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Prior to Monday, I had never heard of Soultzmatt, another cute town in Alsace where wonderful locally produced wines are turned out every year. My friend, Ellen, said that she’d been buying wines from Klein René et Michel for years. As I mentioned in my previous post, I knew Ellen from Facebook. Before Monday, I had never met Ellen in person, though we have been interacting for a few years now. She and her friend, Louise, were about a half an hour behind us, so we had originally planned to visit Eguisheim. But the lure of wine was too strong to resist, and we soon found ourselves on the was to 5 Rue Ingold in Soultzmatt.

Bill was a little confused at first, once we found the winery. We weren’t sure where to park, or where to go. As luck would have it, another couple pulled up at about the same time we did, only they were French and spoke no English. Ellen had asked us to wait, but since the lady was already opening the tasting room for the French couple, we decided to go ahead… We knew we’d still be tasting wines when Ellen and Louise showed up. Sure enough, we were!

The lady who was running the tasting didn’t speak any English at all, so things were a little awkward at first. But then Bill told her he speaks a little German and, lo and behold, she spoke German, too! We’ve found that a lot of people in Alsace speak German, especially among the older folks. There’s a guy in Ribeauville who sells liqueurs and wines who speaks no English, but has happily carried on conversations with Bill, despite Bill’s limited German proficiency.

By the time Ellen and Louise showed up, the French couple had left with three boxes of wine– probably about 18 bottles worth. And Bill, Parker, and I had already tried about three… Ellen speaks French and German, so things got a lot easier after that! We left with twelve bottles of wine ourselves.

Ellen did manage to get a nice shot of us enjoying our wine…

This was a very successful stop!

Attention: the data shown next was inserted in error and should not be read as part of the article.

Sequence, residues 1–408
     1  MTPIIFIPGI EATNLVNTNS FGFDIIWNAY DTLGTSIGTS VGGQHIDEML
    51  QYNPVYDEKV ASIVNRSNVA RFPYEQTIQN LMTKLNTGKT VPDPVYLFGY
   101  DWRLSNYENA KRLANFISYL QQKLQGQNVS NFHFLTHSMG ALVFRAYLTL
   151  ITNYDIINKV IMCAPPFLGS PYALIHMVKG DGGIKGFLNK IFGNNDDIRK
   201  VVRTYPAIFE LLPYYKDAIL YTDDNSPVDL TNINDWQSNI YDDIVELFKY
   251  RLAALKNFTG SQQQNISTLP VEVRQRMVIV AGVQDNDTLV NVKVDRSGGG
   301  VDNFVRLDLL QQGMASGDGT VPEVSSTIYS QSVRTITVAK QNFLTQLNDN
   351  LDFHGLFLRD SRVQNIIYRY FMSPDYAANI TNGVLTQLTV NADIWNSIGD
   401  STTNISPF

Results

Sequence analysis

It’s always a pleasure to meet online acquaintances offline. After all, that’s how Bill and I came together. We used to be strictly online friends. Ellen and Louise were delightful company. It turns out we have some things in common, too. Louise is a horse person, and I was a horse person for years before I grew up… and out. Louise lives in Mobile, Alabama, which was where my horse lived after his very first owner in Baton Rouge, Louisiana sold him with his mom. Louise is also the name of my former riding instructor. 😉 And Ellen was especially great company, especially since we lived in the same community and have husbands who do somewhat similar work. I was most impressed by her ability to speak French and German. Time for me to get back on the stick, I guess.

After we tasted and bought our wine, we headed back to Ribeauville. Parker stayed in while Bill and I went searching for dinner. We found only one open restaurant, though it was one we’d never tried before… Restaurant Le Ribeaupierre. I see it gets pretty low Trip Advisor ratings, although I can honestly say I have legitimately had worse dining experiences in Ribeauville. We were the only ones in the restaurant, but the waiter was still very pleasant and the food wasn’t bad.

Restaurant Le Ribeaupierre is quaintly decorated and seems like a somewhat popular lunch spot, despite its low ratings on Trip Advisor. It looks like they mostly serve pizzas. I had some trouble choosing what I was going to have, mainly because the presence of mushrooms pretty much spoil my meals (not that I can’t afford to have some spoiled). Lasagne is one of those items that is hit or miss. Sometimes people use mushrooms in them. Sometimes they don’t. Anyway, this meal was alright. The Irish Coffee made up for it, and Bill enjoyed his “colonel”– lemon sorbet with a shot of vodka. We noticed that the waiter locked up right after we left, at about 8:00pm. Like I said, Ribeauville is dead in January, but plenty of fun can still be had if you look hard enough.

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